My discussion sketches a position, occasioned by JH’s response to Putnam, which is not yet trying to systematically make plausible how a horizontal continuum between kinds of discourse (axiological and epistemological) can be shown to complement a vertical continuum of lifeworld-developed interests of valuable and truth-valuing action that may become formalized interests of inquiry (just as inquiry into general features of ordinary development may be instanced by lives that develop to inquire into general features of inquiry).

Beyond the following discussion, I would want to prospect how the value-spherical boundaries between kinds of research enterprises tend to dissolve into kindred paradigmicities of proximally-different kinds of research. Beyond the organizational complex of normal inquiry and practice—what Habermas calls the “untamed...polyglossia” of bridging theory and practice—is an especially philosophical matter of the evolving nature of conceptuality, I would argue. But that kind of discussion is far from the present opportunity to merely prospect a sense of continuum between (1) lifeworld value and truth and (2) developmental continua leading to culturally institutionalized research enterprises.]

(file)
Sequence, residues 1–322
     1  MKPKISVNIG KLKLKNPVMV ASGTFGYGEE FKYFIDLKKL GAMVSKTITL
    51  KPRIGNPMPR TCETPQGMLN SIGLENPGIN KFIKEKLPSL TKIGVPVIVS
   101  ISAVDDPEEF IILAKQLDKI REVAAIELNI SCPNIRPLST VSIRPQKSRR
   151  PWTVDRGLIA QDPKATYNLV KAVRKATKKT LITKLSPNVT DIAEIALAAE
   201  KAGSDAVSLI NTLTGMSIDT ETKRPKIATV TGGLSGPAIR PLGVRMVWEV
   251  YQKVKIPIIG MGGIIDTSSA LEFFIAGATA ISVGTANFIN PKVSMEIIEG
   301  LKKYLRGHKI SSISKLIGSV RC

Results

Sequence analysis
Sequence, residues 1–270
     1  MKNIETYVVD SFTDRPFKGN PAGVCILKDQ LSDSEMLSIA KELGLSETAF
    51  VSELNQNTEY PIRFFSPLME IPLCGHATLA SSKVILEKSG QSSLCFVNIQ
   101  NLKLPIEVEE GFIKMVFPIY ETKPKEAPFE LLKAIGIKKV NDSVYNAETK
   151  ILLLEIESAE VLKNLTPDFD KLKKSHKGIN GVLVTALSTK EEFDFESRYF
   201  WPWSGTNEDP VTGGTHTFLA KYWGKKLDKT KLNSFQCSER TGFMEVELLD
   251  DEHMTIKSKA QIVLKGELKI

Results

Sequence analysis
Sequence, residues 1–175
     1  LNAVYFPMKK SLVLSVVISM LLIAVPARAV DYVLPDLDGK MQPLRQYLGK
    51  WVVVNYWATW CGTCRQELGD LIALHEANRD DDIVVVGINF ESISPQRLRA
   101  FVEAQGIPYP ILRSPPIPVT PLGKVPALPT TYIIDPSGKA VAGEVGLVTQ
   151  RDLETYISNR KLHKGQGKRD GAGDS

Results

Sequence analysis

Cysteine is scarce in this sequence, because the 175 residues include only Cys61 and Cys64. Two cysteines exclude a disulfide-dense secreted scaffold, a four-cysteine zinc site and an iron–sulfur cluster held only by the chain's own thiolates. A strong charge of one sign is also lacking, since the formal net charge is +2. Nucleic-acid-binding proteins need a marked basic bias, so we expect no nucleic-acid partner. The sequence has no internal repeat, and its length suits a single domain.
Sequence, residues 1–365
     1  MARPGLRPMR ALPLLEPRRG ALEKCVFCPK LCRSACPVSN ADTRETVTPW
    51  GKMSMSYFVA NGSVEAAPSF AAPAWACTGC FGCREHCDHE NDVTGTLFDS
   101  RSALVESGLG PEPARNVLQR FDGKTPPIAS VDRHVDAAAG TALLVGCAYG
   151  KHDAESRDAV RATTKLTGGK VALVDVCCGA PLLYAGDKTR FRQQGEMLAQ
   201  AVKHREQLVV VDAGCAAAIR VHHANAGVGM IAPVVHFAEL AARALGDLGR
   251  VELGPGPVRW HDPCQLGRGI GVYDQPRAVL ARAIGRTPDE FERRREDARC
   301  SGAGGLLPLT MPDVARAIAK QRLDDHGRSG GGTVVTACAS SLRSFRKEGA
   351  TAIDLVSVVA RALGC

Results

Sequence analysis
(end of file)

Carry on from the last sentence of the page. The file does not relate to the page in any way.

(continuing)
Also: The above discussion is associated with the “conceptual inquiry” area

1 |
On Part I of Habermas’s “Norms and Values”: §s 1-4
2 | On § 5: dealing with issues of practical philosophy
3 | On § 6: the “objectivity” of value orientations
4 | On § 7: values, pluralism, and assessment
5 | On § 8: virtue pragmatism and Dewey
6 | On § 9: appealing to a common ethos

Be fair. © 2014, g. e. davis